Are you an agitated leader? Here are four tips to help you stay “CALM.”

By Virginia Hill | April 20, 2020

When agitated leaders join a meeting, you can feel it instantly, even in a video conference. These leaders may offer a short, obligatory greeting, and answer “Busy!” when others ask how they are. Then they get right down to business because the agenda is ambitious and time is short. Subtly, if not noticeably, the team’s agitation rises. The agitated leader often doesn’t recognize the effect they’re having on others. But by practicing self-awareness, leaders can learn how others perceive their actions and take appropriate steps to manage and mitigate the spread of this anxiety.

Becoming self-aware is one of the foundational competencies of the Partnership’s Public Service Leadership Model, and it is also a key aspect of emotional intelligence. One way to become self-aware is to practice CALM. Leaders can practice being calm just as they practice other skills and mindsets.

Drawing on Brené Brown’s 2010 book, The Gifts of Imperfection, and the Partnership’s leadership model, here are four tips to help you practice and improve being CALM.

Commit yourself to practicing calm

Think about the situations, people or circumstances that make you anxious and those that invoke calm. Reflect on your experiences with anxious leaders, colleagues, family or friends. Do you tend to respond with more anxiety and agitation? Reflect on ways to create a calm reaction, such as counting to 10 or taking three deep breaths before responding.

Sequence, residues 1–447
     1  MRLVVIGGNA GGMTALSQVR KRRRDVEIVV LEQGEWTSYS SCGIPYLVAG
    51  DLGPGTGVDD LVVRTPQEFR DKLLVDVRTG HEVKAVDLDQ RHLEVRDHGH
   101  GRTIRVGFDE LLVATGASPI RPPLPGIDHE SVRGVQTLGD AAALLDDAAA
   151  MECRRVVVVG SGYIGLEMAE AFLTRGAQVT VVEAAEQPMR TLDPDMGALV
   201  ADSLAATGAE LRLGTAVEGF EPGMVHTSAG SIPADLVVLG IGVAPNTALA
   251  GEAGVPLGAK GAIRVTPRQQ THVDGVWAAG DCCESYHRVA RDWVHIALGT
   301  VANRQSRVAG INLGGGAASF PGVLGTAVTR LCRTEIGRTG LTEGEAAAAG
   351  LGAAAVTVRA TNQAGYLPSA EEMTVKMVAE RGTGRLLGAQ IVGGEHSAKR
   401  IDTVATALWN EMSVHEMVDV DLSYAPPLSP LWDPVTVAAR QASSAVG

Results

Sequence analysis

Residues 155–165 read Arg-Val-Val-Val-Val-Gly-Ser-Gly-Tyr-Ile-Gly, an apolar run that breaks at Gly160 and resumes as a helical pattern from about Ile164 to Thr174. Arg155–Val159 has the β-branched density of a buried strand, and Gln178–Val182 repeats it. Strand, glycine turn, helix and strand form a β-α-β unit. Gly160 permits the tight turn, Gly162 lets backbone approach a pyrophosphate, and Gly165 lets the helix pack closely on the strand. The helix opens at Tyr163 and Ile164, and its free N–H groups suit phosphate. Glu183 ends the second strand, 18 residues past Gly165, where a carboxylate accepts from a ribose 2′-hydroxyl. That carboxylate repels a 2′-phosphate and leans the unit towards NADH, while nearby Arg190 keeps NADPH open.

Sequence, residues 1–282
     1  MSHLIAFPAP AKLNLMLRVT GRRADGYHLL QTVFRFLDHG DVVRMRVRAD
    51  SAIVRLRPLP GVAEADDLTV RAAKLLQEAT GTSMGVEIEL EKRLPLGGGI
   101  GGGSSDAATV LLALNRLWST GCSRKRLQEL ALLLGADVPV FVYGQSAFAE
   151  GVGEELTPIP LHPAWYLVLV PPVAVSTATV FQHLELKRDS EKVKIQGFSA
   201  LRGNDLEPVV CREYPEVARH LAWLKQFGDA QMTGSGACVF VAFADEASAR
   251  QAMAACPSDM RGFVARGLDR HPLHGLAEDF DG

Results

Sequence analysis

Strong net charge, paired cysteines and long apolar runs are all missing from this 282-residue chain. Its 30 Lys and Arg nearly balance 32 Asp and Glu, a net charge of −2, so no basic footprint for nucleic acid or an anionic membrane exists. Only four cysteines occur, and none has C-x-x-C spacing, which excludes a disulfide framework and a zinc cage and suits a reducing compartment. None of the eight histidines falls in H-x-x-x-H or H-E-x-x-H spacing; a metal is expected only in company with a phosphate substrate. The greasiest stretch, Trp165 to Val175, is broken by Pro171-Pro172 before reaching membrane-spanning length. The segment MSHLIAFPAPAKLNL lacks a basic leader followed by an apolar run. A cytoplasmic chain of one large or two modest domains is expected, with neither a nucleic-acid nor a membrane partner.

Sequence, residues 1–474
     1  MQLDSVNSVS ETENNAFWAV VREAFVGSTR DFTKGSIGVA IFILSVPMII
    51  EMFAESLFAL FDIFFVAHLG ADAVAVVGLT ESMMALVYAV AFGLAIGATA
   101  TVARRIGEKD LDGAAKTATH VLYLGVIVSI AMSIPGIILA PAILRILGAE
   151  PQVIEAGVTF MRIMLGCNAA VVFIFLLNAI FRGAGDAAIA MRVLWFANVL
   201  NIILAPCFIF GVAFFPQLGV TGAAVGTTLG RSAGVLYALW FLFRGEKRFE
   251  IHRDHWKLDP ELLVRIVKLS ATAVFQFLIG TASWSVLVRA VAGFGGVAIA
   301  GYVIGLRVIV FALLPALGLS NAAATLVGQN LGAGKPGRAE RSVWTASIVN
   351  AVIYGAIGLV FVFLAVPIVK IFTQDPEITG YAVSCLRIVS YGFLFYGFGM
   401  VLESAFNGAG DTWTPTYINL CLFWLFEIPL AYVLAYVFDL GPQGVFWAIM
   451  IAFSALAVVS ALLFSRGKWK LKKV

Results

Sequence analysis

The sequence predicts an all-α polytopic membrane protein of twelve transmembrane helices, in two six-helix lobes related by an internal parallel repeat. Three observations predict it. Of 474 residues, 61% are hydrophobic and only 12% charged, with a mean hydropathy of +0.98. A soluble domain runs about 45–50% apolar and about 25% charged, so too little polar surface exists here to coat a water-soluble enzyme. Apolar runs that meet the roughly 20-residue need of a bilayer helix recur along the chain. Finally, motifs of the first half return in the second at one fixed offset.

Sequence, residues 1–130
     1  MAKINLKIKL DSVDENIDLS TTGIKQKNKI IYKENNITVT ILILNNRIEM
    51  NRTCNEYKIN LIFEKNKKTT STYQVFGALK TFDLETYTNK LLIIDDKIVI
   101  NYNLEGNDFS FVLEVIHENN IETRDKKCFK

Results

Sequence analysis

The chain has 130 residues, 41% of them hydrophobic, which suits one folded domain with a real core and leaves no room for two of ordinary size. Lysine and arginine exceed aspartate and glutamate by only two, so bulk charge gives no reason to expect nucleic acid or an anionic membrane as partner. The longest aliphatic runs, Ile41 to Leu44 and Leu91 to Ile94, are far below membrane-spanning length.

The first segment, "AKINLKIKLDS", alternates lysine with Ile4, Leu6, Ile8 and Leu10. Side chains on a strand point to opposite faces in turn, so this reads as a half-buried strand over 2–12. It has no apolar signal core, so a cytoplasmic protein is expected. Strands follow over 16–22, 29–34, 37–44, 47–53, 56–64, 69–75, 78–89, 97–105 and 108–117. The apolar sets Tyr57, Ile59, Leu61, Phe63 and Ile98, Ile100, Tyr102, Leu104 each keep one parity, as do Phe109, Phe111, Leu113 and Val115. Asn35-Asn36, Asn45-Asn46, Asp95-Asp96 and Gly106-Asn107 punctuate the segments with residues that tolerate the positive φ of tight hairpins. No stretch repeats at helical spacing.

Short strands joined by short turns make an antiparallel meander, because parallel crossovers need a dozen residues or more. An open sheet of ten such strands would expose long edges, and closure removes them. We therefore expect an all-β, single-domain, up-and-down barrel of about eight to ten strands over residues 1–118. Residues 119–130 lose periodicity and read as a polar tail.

Ask yourself: Do I have enough data to respond?

People often feel anxious because they have limited information, so determine whether you have all the knowledge you need to respond appropriately to a situation. Ask for more information and verbally acknowledge if you need more time to think before you can respond calmly.

Let go of the need to control

First, acknowledge that wanting to control a situation and “be right” are valid feelings. Then let go of those feelings, knowing that focusing on control and self-righteousness will only increase the agitation of the moment. This is hard and will take practice!

Mindful recognition that calm is just as contagious as panic

You can better engage others and build relationships by maintaining calm rather than panic. As Brown writes, mindfully ask yourself, “ ‘Will freaking out help?’ The answer is always no.”

By following these four practices, leaders can become the calming presence their employees need. So remember to keep CALM and carry on.

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